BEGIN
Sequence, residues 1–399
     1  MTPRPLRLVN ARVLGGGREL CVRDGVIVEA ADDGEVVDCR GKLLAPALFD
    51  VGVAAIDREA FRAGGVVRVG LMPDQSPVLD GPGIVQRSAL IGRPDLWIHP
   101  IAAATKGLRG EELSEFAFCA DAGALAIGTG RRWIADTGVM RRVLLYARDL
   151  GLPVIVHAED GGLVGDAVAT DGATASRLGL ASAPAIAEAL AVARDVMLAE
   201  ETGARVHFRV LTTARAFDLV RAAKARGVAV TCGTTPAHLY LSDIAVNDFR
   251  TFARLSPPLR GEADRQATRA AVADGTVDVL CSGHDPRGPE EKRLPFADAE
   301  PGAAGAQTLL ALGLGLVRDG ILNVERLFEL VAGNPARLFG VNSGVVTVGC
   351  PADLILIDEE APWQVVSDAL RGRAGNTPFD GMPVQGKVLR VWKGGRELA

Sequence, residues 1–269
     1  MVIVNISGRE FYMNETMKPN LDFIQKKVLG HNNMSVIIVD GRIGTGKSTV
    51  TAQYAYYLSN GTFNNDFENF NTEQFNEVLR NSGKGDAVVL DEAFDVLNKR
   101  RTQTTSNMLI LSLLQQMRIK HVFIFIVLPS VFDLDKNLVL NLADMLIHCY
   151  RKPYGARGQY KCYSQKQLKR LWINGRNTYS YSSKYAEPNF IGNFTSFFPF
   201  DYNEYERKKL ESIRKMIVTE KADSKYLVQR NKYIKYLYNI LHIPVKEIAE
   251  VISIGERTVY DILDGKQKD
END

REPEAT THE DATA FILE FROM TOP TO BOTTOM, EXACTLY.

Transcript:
Sequence, residues 1–399
     1  MTPRPLRLVN ARVLGGGREL CVRDGVIVEA ADDGEVVDCR GKLLAPALFD
    51  VGVAAIDREA FRAGGVVRVG LMPDQSPVLD GPGIVQRSAL IGRPDLWIHP
   101  IAAATKGLRG EELSEFAFCA DAGALAIGTG RRWIADTGVM RRVLLYARDL
   151  GLPVIVHAED GGLVGDAVAT DGATASRLGL ASAPAIAEAL AVARDVMLAE
   201  ETGARVHFRV LTTARAFDLV RAAKARGVAV TCGTTPAHLY LSDIAVNDFR
   251  TFARLSPPLR GEADRQATRA AVADGTVDVL CSGHDPRGPE EKRLPFADAE
   301  PGAAGAQTLL ALGLGLVRDG ILNVERLFEL VAGNPARLFG VNSGVVTVGC
   351  PADLILIDEE APWQVVSDAL RGRAGNTPFD GMPVQGKVLR VWKGGRELA

Sequence, residues 1–269
     1  MVIVNISGRE FYMNETMKPN LDFIQKKVLG HNNMSVIIVD GRIGTGKSTV
    51  TAQYAYYLSN GTFNNDFENF NTEQFNEVLR NSGKGDAVVL DEAFDVLNKR
   101  RTQTTSNMLI LSLLQQMRIK HVFIFIVLPS VFDLDKNLVL NLADMLIHCY
   151  RKPYGARGQY KCYSQKQLKR LWINGRNTYS YSSKYAEPNF IGNFTSFFPF
   201  DYNEYERKKL ESIRKMIVTE KADSKYLVQR NKYIKYLYNI LHIPVKEIAE
   251  VISIGERTVY DILDGKQKD